The history of humanity is rife with moral atrocities. State-sponsored ethnic cleansing and chattel slavery are especially poignant examples. In a graphic description of the former in Dostoevsky's The Brothers Karamazov, the Turks are reported to have burnt Slav villages, raped Slav women and children, nailed prisoners by their ears to fences, cut unborn children from the womb, and to have tossed babies in the air and caught them on bayonets. And a century later virtually the same script could be written to describe the atrocities committed against Bosnian Muslims by Serbian forces under Slobodan Milosevic in the former Yugoslavia: many people, including women and children, are reported to have been killed, burnt alive, tortured, and raped.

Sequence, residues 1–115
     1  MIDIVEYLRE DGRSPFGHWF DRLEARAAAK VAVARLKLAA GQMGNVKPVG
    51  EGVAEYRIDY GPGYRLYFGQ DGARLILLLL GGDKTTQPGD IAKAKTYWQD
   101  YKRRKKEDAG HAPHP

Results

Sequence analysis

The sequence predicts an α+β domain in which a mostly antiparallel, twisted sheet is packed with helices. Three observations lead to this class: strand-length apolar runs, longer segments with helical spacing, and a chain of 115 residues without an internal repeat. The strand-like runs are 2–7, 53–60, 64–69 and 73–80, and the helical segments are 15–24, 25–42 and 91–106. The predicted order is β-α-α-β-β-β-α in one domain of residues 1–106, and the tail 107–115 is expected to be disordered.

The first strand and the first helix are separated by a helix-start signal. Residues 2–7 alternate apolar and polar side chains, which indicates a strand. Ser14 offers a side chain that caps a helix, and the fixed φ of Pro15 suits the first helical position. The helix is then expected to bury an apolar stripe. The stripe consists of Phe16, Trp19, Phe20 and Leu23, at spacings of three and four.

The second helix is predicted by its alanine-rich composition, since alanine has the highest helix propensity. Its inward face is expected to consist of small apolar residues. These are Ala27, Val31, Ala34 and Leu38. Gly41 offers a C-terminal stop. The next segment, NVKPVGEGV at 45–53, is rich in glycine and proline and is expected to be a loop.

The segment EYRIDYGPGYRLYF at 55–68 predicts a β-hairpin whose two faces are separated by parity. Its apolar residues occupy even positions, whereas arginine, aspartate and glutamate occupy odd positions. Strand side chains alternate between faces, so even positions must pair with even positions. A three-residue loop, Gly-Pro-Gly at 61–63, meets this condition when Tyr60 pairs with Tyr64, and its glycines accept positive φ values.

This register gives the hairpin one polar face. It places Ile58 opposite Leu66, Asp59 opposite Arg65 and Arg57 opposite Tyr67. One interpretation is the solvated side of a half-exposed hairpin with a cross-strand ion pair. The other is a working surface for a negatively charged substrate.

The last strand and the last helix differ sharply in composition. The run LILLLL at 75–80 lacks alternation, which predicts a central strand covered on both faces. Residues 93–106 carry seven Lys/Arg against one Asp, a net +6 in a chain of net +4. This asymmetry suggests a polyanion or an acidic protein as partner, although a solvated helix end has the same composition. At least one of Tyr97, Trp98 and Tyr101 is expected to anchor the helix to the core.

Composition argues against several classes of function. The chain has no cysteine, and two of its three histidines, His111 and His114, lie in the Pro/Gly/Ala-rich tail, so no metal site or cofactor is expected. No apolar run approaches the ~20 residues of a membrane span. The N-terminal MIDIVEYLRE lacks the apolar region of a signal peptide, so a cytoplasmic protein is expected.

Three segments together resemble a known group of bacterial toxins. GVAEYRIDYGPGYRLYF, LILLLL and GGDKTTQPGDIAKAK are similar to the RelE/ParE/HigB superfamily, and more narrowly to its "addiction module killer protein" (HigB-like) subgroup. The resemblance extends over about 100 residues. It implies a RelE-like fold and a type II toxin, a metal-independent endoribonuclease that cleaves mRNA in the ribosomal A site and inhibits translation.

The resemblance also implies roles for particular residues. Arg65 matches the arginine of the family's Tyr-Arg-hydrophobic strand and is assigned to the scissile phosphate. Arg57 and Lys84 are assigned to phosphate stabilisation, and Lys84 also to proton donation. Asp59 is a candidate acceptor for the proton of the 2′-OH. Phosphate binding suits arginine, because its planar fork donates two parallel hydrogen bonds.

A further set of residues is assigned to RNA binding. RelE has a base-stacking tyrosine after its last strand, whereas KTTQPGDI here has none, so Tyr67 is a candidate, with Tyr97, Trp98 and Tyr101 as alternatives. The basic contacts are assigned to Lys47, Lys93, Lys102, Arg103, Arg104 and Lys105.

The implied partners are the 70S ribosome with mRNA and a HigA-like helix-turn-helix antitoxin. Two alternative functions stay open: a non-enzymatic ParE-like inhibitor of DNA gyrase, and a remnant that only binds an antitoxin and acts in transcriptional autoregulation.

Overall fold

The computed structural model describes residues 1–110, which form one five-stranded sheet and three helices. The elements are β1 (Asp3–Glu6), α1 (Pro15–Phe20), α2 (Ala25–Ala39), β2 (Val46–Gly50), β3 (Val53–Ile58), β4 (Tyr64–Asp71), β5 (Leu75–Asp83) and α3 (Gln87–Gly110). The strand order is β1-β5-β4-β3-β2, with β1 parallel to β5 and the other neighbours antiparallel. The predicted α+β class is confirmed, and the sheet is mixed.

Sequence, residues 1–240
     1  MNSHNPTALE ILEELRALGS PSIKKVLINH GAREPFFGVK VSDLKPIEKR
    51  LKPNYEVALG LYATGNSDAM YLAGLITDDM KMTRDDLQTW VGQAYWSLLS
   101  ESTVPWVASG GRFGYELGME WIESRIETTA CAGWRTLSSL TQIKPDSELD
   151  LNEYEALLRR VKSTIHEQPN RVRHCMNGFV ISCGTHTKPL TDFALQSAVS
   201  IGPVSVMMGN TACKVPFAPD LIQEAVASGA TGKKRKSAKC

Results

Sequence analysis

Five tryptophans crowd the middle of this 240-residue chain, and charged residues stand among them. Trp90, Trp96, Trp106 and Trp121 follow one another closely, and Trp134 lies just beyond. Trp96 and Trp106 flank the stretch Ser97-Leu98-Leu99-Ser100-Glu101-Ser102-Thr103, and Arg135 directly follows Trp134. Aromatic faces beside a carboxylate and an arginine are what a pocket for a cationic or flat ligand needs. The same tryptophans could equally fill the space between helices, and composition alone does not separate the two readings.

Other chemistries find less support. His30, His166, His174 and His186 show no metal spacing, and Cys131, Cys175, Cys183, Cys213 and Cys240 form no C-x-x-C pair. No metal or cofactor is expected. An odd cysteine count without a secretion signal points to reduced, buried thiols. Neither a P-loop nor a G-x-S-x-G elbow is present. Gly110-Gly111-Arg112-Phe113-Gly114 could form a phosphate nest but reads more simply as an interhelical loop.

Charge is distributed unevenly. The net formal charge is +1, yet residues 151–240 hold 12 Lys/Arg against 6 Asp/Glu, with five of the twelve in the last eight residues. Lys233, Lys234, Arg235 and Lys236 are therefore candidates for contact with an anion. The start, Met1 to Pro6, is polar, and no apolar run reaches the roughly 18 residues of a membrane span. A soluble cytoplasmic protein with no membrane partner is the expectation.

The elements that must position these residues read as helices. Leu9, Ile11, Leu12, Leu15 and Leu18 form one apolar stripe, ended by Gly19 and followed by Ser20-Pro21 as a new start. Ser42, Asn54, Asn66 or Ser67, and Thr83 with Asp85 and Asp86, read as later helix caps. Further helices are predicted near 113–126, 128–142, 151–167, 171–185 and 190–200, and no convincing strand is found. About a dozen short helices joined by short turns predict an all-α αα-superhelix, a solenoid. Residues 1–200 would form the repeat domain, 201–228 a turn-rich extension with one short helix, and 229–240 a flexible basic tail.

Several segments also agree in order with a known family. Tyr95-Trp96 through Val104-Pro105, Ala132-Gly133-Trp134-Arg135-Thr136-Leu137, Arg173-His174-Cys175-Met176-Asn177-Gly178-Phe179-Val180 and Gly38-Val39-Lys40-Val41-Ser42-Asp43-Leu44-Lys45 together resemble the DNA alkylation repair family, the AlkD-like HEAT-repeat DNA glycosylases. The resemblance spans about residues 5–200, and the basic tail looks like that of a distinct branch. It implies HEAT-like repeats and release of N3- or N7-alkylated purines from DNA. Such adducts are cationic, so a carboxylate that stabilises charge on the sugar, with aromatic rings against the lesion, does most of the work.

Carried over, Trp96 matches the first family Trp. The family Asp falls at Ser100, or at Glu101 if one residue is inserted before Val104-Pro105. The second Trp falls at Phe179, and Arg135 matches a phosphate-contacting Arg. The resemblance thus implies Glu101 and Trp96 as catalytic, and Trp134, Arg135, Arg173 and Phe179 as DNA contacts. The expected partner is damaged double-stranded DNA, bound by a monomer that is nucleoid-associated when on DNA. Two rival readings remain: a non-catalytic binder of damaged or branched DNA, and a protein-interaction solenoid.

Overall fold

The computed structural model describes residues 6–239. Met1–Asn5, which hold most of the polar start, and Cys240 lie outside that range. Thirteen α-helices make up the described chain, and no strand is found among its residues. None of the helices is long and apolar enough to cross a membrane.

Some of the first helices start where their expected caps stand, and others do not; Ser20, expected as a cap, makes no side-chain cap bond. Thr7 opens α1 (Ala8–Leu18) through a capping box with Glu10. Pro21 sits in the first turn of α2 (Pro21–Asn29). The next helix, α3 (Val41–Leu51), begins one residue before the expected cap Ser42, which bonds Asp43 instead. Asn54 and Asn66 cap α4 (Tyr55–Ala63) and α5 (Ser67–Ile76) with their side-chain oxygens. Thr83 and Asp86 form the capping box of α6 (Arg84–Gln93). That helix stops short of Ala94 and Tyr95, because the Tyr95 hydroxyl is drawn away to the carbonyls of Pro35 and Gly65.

With regard to chattel slavery as practiced in the antebellum United States of America, in his autobiography Frederick Douglass vividly recalls the first time he witnessed a slave beating, a central means of maintaining order under the slave system. He provides a chilling description of how his Aunt Hester was brutally beaten by her master:
Before [the master] commenced whipping Aunt Hester, he took her into the kitchen, and stripped her from neck to waist, leaving her neck, shoulders and back, entirely naked … After crossing her hands, he tied them with a strong rope, and led her to a stool under a large hook in the joist, put in for the purpose. He made her get upon the stool, and tied her hands to the hook … after rolling up his sleeves, he commenced to lay on the heavy cowskin, and soon the warm, red blood (amid heart-rending shrieks from her, and horrid oaths from him) came dripping to the floor.